Posted 08/04/2021

 

How does one blend the bathroom with the look of the rest of house? Kalpak Shah of Pune’s Studio Course takes us through the planning and design, on how to seamlessly integrate the two spaces. 

What was the client brief for this project?
They wanted to contemporise mid-century modern architecture – simplistic, minimal design with careful selection of sustainable materials. And precision in details with local craftsmanship was extremely central to this space.


 

How did you go about planning the property?
The plot sits within a community of 15 other bungalows so it had to abide to the builder’s original plans, facade look, finishing treatment and appearance. Due to these constraints, the internal spaces and planning became our way to experiment with the design. This project, the T House, is planned in such a way that the circulation core and passages are in the centre with all the living spaces built around it. This opened up the entire house to the outdoors, bringing in a lot of natural light and ventilation in each room.


 

How did the bathroom, with its wet and dry areas, tie in with the design language of the rest of the home?
With the colours being inspired from nature, we used black granite for the floors and hand-painted walls in grey to display the tactility of the process. The skirting rises a few inches higher than the general norm, give a sense of solidity to the space. The walls of the toilets are in white, with Kota flooring in a lighter grey to respect the smaller volume of the room. The idea was to maintain cohesion with the rest of the house and to have the space look calm and serene. Finally, we used a glass cuboid with a timber frame to separate the wet and dry areas of the bathroom.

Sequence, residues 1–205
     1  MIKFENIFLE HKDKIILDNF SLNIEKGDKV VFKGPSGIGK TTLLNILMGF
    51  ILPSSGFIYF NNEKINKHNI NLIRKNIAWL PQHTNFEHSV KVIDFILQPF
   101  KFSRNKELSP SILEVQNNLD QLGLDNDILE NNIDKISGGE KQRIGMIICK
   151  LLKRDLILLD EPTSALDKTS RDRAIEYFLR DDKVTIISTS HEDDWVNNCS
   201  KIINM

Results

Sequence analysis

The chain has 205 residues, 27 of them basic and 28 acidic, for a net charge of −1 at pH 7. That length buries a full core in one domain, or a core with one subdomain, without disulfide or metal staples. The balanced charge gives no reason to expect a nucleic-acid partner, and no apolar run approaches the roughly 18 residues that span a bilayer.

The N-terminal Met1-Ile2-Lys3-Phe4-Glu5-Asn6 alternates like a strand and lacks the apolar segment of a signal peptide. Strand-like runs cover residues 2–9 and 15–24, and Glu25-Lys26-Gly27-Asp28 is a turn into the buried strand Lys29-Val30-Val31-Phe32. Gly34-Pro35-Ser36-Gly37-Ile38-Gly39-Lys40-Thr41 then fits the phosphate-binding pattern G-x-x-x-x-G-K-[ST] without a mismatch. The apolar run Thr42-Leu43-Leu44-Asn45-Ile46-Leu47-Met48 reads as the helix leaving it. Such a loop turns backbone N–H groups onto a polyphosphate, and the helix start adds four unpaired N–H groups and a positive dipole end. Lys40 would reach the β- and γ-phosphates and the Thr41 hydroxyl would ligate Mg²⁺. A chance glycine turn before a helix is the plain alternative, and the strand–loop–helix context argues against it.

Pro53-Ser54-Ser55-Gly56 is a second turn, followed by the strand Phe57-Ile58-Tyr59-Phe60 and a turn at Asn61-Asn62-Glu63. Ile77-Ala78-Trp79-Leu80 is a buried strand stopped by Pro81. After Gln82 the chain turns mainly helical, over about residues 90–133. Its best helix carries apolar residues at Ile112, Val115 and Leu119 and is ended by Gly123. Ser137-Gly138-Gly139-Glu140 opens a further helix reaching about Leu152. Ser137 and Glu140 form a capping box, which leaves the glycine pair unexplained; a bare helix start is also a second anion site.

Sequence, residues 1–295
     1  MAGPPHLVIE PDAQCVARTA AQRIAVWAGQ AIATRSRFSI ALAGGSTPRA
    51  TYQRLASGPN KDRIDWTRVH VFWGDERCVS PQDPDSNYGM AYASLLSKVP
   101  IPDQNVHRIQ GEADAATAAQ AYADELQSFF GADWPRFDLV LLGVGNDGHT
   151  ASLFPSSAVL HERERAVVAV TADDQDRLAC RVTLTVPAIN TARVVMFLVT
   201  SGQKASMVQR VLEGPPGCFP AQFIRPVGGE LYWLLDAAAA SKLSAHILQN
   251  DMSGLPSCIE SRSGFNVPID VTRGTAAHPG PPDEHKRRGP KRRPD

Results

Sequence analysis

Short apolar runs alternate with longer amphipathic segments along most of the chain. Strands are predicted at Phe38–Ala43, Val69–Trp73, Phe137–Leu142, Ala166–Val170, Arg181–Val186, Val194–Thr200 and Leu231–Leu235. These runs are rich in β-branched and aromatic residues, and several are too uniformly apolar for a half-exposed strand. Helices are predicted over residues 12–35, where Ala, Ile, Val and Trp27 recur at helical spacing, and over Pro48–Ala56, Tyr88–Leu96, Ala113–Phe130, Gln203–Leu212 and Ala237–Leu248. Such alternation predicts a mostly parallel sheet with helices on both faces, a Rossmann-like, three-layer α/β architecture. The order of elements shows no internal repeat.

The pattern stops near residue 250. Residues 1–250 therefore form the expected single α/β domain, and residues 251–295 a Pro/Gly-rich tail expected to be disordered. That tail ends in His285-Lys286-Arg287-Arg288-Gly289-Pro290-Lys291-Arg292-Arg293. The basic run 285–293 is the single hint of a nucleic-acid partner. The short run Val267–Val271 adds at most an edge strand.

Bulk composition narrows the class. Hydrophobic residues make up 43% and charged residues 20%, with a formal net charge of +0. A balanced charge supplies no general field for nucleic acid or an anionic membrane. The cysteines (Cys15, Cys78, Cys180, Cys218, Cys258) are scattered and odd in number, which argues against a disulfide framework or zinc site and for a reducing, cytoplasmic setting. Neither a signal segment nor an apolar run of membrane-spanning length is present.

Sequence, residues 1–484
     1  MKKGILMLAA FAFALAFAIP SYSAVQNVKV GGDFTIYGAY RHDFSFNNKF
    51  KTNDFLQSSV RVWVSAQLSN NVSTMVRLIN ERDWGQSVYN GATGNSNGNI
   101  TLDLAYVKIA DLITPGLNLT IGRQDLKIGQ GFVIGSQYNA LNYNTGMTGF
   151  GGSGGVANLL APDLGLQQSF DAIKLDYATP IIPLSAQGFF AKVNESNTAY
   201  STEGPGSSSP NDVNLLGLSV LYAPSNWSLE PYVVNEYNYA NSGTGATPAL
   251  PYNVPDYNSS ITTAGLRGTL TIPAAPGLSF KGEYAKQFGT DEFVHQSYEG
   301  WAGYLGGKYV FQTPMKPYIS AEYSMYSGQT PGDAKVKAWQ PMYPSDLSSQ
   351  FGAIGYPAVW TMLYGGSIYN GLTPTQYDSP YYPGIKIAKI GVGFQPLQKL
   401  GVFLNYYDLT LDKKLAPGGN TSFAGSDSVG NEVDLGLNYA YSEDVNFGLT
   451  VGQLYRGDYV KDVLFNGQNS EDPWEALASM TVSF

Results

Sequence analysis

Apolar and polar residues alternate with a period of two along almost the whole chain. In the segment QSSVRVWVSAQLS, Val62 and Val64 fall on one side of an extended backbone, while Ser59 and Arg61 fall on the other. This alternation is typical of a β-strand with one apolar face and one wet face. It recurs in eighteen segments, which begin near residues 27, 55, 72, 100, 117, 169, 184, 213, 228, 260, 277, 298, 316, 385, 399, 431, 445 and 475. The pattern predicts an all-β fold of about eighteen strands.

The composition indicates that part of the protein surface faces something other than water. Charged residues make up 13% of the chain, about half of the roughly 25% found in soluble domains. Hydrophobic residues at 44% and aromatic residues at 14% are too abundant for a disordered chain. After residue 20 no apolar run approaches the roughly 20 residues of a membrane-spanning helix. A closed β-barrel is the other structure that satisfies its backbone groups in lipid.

What tips would you give to people who want to work with sustainable materials to design their bathrooms?
Natural and preferably local stones for the floors and walls are a good way to use sustainable materials, in a circular design concept. For example, we have used reclaimed solid teak wood for the T house – one must keep in mind that it’s not an issue to use it in a space with water, but at the same time it shouldn’t be in constant touch with the liquid.


Kalpak Shah, Principal Architect, Studio Course, Pune

“Started in 2016, my company practice aims to build a story around each project and communicate with different aspects of design in a certain system; it sets the tone for the way our work develops, and in this process lay the answers to deal with diverse situations. Our practice attempts to create spaces that are of lasting value, functional, minimal and beautiful.”

Website: www.studio-course.com

Text by: The Blue Pencil Design Company

Images: Courtesy Studio Course, photographed by Fabien Charuau